- To check who is the card issuer: If you suspect fraud or need to dispute a charge, knowing what institution issued a card will help you identify who to contact. You don’t need to manually google every first digit, but only type the first digits and get access to all the info.
- To find out the issuing bank: In some cases, you will need to escalate some issues to the bank directly. To find out what bank issued the card, use the BIN checker to identify the financial institution.
- To learn about the country of issuance: Knowing whether the payment is domestic or foreign is an important concern for some merchants.
- Finding the contact information: Knowing the issuing bank may not be enough in some cases. The BIN checker can also provide you with the contact details of the issuer.
How Does a BIN Number Work?
When making an order online, consumers go through a verification process that usually consists of two steps. The first step is authorization which directly involves a BIN number. A BIN number passes through the key information about the card type, its issuer, and its level. With this information, the payment processor knows who to address and who can signal whether the account holder has enough funds to complete the transaction.
Next, there is clearance. This step finalizes the transaction between two financial institutions.
How to Use BIN Numbers?
Basically, you use your BIN number every time you pay. Other than that, nobody really uses it. It exists, it’s there printed on your card. As a consumer, you may want to learn what those digits mean out of curiosity. As a merchant, these four or six digits can reveal a lot of useful information.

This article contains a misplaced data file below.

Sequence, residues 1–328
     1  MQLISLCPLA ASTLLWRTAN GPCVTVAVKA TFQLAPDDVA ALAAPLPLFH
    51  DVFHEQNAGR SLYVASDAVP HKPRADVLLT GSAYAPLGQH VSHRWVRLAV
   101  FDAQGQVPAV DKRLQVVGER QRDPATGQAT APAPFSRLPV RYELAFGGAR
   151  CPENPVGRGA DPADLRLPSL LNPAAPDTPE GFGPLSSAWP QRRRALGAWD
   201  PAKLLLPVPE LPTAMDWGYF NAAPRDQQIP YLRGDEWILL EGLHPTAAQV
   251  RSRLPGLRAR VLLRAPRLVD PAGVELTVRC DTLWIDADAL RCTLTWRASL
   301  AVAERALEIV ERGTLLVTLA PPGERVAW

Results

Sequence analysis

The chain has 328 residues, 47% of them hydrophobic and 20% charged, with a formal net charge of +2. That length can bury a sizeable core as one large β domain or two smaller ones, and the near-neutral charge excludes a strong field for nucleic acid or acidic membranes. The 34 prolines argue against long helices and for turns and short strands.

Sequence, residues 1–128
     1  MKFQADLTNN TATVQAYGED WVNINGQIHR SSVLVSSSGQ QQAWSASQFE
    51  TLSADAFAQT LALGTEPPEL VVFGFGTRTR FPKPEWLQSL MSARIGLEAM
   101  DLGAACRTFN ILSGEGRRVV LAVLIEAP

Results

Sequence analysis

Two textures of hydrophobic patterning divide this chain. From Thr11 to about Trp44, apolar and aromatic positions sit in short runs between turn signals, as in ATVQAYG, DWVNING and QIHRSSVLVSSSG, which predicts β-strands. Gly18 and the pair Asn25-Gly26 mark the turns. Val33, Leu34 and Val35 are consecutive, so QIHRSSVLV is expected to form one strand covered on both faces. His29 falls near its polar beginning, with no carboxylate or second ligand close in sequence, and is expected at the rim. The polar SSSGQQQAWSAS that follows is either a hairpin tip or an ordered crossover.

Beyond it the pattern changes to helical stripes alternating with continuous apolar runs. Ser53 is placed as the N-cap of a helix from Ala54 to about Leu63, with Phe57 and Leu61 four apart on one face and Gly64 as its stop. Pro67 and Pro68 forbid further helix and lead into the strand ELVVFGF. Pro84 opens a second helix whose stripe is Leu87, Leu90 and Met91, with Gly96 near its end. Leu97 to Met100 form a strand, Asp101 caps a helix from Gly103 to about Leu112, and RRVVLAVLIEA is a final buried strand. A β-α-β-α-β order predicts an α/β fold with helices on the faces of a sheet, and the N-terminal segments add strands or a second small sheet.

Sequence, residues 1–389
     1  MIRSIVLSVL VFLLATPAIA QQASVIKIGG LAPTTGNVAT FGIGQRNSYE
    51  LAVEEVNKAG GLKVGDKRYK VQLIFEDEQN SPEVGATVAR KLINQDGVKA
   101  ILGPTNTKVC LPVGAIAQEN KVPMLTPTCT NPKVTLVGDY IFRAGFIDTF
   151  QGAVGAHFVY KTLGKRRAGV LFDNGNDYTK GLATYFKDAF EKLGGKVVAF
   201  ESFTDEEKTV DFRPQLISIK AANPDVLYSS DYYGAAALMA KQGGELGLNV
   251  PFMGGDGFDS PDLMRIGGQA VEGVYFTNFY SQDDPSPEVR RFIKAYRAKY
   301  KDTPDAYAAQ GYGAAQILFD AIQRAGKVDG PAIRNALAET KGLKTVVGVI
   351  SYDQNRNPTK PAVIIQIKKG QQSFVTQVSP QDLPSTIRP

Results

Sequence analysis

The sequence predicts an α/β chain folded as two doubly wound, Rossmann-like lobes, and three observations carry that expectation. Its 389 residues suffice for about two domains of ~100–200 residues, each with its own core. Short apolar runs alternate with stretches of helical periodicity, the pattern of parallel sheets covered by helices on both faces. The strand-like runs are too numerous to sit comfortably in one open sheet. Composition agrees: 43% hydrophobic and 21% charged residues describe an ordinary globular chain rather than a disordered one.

To recap, the first digit is the Major Identification Number. The rest reveal useful information about the bank, type, and level of the card.
Purpose of BIN Numbers
When consumers pay for goods at a physical or online store, merchants can use BIN checking tools to check whether the card is genuine or counterfeit. Different types of cards have their allocated features; hence, BIN information also informs merchants and payment processors about that.
Other purposes of BIN numbers include:
- Informing about the level of the card and whether it has special benefits from the issuers.
- Payment processors can compare the address on the BIN number with the address provided by the consumer and see if they match.
- You can find the bank’s contact details with a website and sometimes even a phone number.
- A BIN number will show what type of card it is and its issuer (e.g. prepaid or standard, and AmEX or Mastercard).
Risks Associated with BIN Numbers
What many people fear is payment fraud. Nothing can be scarier than seeing your hard-earned fund leaked with no return. One of the things to prevent such an unfortunate turn of events is to not share your card details online and make sure the merchant uses a secure payment processor.
Before we jump to how BIN numbers can rescue consumers and merchants from a disaster, let us inform you of what scams are common today.
BIN scams have become more sophisticated, and everyone involved in eCommerce should watch out. BIN attacks are events where a payment card or identity is stolen directly from the bank or merchant. A BIN attack can also happen with a fake card number, but also with an existing BIN number. Hence, merchant should invest in a reputable payment processor like My Payvemt Savvy to prevent data leakage.
BIN cloning is as the name implies cloning of the actual debit or credit card. Moreover, not only the BIN number and the cardholder name is cloned, but so does a magnetic stripe and a chip. Later, a cloned card is resold or used to purchase goods.